Some 11,200 households had no electricity, power companies said on Monday, while hundreds of thousands had no water. "We are carrying out rescue operations around the clock", Yoshihide Fujitani, a disaster management official in the prefecture, told AFP.
In the town of Uwajima in Ehime Prefecture, a 63-year-old man was buried alive in his house due to landslides.
Some residents in Hiroshima prefecture said they were caught off guard in a region not used to torrents of rainfall, which began Friday and worsened through the weekend.
Even as the rains let up, authorities warned the downpours had loosened earth on hillsides and mountain slopes creating new risks. "There are still many people missing and others in need of help, we are working against time", Prime Minister Shinzo Abe said.
Torrential rains have pounded western parts of the country with three times the usual precipitation for this time of the year, setting off landslides and causing rivers to breach their banks.
Heavy rain was forecast to continue through Sunday in the west and the east, agency official Minako Sakurai told reporters. Some 40 helicopters were out on rescue missions. "This is a situation of extreme danger". While evacuation notices are no longer in effect, two million people are still being advised to keep away from their homes. "There are still many people who have been unaccounted for".
Rescue workers acknowledged the odds of finding people alive were getting longer.
Boris Johnson latest minister to quit since snap election
But Davis said a leadership challenge would be the "wrong thing to do" and insisted he believed May was a "good prime minister".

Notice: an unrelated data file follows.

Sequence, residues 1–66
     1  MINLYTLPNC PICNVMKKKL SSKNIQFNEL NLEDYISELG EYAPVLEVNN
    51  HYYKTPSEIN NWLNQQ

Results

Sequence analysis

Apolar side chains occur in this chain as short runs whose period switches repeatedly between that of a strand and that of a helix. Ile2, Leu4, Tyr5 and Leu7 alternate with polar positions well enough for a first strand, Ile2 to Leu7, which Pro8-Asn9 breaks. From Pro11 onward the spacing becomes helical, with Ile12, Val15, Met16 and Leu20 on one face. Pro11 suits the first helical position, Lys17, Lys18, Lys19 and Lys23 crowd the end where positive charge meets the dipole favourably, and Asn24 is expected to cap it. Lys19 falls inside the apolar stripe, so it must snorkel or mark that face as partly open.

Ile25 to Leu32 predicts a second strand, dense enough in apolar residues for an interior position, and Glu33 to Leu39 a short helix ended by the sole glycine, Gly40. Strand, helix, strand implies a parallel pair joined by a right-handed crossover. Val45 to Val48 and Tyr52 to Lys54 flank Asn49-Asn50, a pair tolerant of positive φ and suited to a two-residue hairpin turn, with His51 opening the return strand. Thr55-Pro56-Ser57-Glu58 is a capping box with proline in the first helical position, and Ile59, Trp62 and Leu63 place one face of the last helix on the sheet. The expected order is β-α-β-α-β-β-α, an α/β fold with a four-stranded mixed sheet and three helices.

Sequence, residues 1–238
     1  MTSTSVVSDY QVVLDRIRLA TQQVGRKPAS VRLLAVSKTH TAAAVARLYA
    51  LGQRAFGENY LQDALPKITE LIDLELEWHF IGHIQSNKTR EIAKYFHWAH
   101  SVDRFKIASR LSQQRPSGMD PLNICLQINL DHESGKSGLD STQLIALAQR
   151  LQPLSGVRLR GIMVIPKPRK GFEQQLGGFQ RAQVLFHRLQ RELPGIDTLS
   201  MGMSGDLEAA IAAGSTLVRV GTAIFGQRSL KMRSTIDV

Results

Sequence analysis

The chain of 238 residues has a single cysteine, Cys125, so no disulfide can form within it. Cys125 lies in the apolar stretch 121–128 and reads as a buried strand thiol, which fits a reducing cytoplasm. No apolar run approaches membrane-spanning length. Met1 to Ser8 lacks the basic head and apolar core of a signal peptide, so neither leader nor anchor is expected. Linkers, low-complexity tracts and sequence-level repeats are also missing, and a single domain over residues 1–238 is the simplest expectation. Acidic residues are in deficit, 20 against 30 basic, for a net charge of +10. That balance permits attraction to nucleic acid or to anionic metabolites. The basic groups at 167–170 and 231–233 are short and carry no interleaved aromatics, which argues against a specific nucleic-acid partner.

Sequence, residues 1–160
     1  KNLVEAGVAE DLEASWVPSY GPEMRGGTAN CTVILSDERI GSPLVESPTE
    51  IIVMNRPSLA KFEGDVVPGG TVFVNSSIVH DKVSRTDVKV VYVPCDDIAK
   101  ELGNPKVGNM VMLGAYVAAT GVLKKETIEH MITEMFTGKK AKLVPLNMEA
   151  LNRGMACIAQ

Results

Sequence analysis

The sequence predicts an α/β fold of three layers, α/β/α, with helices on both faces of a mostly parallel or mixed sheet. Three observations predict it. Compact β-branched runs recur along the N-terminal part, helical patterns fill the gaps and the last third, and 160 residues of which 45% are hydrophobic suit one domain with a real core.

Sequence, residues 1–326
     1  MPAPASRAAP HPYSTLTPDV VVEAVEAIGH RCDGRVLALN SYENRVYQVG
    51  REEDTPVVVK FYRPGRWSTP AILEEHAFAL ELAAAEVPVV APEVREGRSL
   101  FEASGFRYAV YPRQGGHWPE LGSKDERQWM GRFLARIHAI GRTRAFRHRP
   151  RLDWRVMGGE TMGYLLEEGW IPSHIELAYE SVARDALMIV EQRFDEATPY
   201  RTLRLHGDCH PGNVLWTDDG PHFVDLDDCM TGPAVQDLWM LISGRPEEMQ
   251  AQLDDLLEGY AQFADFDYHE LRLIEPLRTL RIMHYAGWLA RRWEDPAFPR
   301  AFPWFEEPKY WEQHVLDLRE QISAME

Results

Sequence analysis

Pope Francis is praying for the victims of Japan's flooding and is encouraging civil authorities involved in search and rescue operations.
The government said at least 103 people had been killed, and with many people still missing, the tally was expected to rise further. Critical infrastructure has been hit, including railway tracks.
Health, Labor and Welfare Minister Katsunobu Kato said at a press conference after a Cabinet meeting on Tuesday that the government would start dispatching the Disaster Health Emergency Assistance Team (DHEAT) from Thursday at the request of the Okayama prefectural government to support hygiene control at evacuation centers.
At least 126 people are now known to have died in floods and landslides triggered by torrential rain in western Japan, says the government.
Israel-based worldwide aid group iAid said it was looking for support to send a team to Japan to help provide clean water and electricity.
President Cyril Ramaphosa sent a message of condolences to the people of Japan on Sunday and said that the thoughts of the South African people are with the people of Japan during this hard time. The Japan Meteorological Agency has reported that one area of the Kochi prefecture experienced a staggering 26.3 centimeters (10.4 inches) of precipitation in just three hours, almost as much as the average amount for the entire month of July (32.8 centimeters or 12.9 inches), typically southwestern Japan's second wettest month after June.